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'May the cat eat you, and may the devil then eat the cat': This isn't the Irish you learnt in school

Fancy a quick lesson in modern Irish? Look no further.

Source: TheJournal.ie/YouTube

IRISH IS FAR from a dead language, evolving constantly, and at a rate where words and phrases that modern daily speakers of the language might use are far from what many of us learned – or tried to learn – in school.

To mark the end of Seachtain na Gaeilge, we spoke on Facebook Live to Cormac Breathnach from Foclóir.ie about the nuances of Irish that you didn’t learn.

We explored how technology and social media has changed the language, examples of slang (féinín, meaning selfie), playful expressions, wordplay, and the words that don’t exist in English that do in Irish (ríomhaithne, meaning to know someone through talking online).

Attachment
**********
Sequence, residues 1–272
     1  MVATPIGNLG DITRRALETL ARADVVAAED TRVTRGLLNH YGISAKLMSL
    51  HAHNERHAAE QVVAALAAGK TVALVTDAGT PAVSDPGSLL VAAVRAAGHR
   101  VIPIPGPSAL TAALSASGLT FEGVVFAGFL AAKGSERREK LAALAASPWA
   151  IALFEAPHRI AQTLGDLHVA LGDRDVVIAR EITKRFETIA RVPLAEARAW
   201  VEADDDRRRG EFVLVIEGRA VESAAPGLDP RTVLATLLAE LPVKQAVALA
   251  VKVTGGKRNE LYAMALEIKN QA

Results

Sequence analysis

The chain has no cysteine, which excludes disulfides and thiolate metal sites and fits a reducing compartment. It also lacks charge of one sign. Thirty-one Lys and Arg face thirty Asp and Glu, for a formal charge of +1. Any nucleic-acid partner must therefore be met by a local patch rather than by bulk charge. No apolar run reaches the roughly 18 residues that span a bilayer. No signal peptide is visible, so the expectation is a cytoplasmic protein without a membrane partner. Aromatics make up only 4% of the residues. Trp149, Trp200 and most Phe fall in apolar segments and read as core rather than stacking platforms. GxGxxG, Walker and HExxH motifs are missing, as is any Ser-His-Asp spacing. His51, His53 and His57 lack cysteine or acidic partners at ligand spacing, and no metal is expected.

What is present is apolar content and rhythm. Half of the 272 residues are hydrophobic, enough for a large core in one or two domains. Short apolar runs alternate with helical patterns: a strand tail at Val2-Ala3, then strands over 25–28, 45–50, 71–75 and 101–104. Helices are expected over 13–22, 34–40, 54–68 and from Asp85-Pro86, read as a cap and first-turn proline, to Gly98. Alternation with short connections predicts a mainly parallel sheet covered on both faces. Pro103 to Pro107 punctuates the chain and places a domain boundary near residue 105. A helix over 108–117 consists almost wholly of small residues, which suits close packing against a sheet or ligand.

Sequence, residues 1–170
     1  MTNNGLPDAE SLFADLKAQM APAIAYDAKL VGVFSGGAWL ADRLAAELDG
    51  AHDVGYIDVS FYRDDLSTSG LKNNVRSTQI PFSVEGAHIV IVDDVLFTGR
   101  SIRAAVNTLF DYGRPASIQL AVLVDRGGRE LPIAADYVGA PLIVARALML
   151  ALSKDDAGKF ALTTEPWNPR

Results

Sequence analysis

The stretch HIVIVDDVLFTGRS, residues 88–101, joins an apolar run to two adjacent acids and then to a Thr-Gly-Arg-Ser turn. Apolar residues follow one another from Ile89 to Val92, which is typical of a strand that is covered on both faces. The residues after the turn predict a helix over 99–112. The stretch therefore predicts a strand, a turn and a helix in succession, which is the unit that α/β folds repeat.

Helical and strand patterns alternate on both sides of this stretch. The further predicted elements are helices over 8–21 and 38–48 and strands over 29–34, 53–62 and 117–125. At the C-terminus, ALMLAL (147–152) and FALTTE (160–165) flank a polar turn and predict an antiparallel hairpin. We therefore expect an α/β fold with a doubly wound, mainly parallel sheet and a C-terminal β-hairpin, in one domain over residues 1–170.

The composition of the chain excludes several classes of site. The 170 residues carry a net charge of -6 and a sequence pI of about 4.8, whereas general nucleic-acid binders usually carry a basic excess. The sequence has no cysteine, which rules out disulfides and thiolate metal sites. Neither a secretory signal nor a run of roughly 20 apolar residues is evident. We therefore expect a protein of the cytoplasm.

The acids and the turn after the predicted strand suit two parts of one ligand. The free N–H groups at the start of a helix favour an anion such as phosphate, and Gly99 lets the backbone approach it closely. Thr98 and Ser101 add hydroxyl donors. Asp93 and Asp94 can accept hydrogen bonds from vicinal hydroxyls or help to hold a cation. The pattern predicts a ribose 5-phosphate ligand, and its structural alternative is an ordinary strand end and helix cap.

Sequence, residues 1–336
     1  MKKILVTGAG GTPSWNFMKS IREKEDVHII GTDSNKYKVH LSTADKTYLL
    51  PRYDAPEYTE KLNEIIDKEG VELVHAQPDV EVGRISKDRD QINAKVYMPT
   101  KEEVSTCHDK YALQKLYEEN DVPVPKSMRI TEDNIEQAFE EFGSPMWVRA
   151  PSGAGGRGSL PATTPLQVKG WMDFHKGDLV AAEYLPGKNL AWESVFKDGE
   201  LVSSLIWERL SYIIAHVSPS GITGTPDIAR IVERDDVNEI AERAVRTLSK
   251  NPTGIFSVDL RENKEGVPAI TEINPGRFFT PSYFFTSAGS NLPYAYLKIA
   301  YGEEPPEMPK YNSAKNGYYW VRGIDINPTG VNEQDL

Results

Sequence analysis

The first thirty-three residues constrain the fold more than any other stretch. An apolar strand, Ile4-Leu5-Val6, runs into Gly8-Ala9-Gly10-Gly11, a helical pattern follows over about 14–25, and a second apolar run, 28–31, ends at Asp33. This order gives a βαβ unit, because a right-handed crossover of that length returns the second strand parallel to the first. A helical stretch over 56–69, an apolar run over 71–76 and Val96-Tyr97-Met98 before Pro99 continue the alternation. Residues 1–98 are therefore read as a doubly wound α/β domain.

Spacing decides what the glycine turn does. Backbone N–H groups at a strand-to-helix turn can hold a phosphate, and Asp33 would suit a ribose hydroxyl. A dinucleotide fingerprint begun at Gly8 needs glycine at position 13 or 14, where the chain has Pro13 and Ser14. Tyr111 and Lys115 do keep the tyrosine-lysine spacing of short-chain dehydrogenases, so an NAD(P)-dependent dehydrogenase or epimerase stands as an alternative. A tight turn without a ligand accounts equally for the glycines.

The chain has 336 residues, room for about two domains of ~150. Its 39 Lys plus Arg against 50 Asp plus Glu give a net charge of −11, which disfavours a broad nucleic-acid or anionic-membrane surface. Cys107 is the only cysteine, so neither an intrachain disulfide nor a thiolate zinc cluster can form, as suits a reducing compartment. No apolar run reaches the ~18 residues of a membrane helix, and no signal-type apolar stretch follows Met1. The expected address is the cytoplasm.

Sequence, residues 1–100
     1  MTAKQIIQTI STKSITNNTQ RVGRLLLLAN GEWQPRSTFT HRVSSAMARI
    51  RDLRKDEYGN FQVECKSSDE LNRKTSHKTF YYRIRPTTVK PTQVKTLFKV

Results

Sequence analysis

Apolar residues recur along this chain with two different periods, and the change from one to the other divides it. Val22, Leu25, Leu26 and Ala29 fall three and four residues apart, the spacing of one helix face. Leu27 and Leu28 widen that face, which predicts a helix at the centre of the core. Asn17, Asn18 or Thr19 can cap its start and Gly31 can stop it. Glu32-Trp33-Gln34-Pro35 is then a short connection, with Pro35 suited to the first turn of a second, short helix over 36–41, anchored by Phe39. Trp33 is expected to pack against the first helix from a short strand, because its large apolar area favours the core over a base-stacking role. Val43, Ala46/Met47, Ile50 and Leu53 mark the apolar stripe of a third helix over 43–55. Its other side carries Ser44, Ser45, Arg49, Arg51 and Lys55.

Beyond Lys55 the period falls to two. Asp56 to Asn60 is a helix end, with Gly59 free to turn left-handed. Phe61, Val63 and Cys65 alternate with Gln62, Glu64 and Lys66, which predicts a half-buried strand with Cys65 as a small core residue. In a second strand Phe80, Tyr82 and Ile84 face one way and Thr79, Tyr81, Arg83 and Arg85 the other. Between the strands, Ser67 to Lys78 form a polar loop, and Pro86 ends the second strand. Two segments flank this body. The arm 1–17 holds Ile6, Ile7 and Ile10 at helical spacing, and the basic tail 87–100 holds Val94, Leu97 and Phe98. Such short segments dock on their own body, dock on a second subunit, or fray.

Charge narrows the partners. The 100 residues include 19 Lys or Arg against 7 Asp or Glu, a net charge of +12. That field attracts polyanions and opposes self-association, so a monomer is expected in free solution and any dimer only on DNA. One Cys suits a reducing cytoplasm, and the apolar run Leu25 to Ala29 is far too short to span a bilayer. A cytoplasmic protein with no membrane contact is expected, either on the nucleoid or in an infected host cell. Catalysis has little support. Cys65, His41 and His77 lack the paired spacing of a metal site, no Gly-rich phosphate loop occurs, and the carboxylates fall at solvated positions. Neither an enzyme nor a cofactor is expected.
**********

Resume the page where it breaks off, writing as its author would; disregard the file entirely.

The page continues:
We also spoke about traditional Irish swears, which you might find will come in handy in future. Maybe take note of these:

“Loscadh is dó ort”: A scorching and burning upon you
“Imeacht gan teacht ort”: May you leave and never return
“Buineach ort”: Scour upon you (similar to f**k you)
“Go n-ithe an cat thú, is go n-ithe an diabhal an cat!”: May the cat eat you, and may the devil then eat the cat

Watch the full video above, and if you’re inspired, Cormac suggested these resources for picking up the language: 

Presented by Gráinne Ní Aodha. Production by Nicky Ryan.

About the author:

TheJournal.ie Team

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